An inclusion of the residents’ family members may provide an assessment of QoL from a different perspective. While similar assessments between both groups could serve as a validation, deviations might open a discussion about expectations and appropriate measures to reduce them. This approach can result in concrete actions for each resident while accounting for the different perspectives and individual characteristics of residents in terms of personality, type and severity of illness, and general needs.
A regular assessment of residents’ QoL could remind the nursing staff of its multidimensional nature, the manner in which different dimensions should be addressed during the daily care process, and how QoL is changing over time for each resident specifically. However, in order for positive results to unfold, a process of QoL assessments, rounds of discussion, and derivations of recommendations for action must be conducted regularly. Nursing home care is often focused on physical care and food supply due to time pressures and high workloads, leaving less time for the staff to meet the other demands and needs of residents with dementia. Demands and needs such as social and physical contact, affection, and self-determination are independent of the presence of dementia. However, declining communication skills, impaired memory and judgement as well as personality changes of residents with dementia make it difficult for the staff to understand and fulfill those demands and needs. Thus, sufficient training and staffing are needed to respond to those situations and improve overall care.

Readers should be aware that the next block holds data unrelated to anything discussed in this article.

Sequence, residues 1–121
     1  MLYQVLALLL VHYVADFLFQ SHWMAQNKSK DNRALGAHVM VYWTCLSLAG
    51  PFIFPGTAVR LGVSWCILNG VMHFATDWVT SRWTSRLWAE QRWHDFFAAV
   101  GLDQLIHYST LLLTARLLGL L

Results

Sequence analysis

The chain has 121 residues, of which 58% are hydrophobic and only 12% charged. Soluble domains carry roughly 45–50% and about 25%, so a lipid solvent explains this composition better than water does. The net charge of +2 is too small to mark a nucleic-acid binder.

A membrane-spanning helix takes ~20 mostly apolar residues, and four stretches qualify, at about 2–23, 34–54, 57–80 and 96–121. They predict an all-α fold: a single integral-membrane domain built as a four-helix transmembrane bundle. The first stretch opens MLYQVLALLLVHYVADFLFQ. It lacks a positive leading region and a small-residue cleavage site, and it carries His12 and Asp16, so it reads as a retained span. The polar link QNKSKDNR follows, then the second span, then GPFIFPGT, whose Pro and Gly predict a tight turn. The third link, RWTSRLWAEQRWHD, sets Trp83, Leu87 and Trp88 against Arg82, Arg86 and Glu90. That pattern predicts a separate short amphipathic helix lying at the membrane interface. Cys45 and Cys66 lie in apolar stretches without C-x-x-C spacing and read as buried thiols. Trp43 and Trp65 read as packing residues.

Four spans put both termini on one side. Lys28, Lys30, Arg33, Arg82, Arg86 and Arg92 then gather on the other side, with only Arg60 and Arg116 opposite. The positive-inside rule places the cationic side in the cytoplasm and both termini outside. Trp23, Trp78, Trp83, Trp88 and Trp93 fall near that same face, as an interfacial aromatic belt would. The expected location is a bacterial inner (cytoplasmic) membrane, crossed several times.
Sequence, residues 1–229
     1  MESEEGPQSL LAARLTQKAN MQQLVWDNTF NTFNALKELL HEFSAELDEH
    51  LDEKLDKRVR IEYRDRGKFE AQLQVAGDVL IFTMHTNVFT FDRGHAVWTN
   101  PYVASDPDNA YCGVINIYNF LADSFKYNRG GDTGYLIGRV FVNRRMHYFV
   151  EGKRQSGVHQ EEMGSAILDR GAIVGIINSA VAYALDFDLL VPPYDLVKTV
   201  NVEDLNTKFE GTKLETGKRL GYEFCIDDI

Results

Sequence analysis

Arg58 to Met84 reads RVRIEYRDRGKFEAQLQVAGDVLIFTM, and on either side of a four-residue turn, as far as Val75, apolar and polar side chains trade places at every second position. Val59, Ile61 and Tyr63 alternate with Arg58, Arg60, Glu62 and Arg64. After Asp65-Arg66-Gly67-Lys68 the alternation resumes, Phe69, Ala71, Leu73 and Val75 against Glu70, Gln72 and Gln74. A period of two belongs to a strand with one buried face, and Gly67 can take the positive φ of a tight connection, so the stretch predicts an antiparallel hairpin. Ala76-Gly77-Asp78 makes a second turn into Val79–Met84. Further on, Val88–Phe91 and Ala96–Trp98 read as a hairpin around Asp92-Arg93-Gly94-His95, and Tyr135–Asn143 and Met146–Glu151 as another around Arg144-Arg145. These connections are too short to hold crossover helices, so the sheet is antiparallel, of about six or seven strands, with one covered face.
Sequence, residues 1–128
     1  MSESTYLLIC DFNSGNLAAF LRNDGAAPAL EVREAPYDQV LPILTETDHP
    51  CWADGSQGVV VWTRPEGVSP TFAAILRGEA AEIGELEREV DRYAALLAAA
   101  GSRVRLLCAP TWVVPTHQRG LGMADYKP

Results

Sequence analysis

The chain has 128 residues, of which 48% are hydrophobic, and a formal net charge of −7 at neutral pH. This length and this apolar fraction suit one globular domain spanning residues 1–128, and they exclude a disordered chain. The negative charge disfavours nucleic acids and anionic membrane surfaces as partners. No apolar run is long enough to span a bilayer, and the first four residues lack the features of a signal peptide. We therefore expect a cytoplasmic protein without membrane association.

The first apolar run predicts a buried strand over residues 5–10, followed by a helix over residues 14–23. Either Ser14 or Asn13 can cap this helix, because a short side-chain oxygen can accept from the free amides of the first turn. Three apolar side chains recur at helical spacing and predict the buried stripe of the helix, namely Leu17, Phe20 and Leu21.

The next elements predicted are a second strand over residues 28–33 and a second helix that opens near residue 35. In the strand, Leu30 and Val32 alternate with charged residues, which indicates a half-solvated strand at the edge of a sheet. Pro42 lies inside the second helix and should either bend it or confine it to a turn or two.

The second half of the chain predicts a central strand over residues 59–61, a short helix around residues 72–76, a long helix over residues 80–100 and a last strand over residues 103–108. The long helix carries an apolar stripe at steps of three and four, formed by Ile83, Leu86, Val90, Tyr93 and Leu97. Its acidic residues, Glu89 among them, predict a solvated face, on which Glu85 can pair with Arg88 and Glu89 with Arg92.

Limitations and future research considerations
The limitations of our study are consistent with those of other papers in this area. Studies to investigate Qol in residents with dementia are usually cross-sectional and characterized by small sample sizes due to an old and multimorbid population [4,7,12]. When comparing the rater assessments for the same resident, more observations would have been desirable, and longitudinal data could have provided insight into the changes in the QoL of residents and the QoL assessments over time. Another difficulty is that data collection on site is cumbersome, involving nursing staff and family members. Finally, as with similar studies, the generalization of our results is limited by the particular setting of nursing homes and a potential self-selection bias [6-7,13].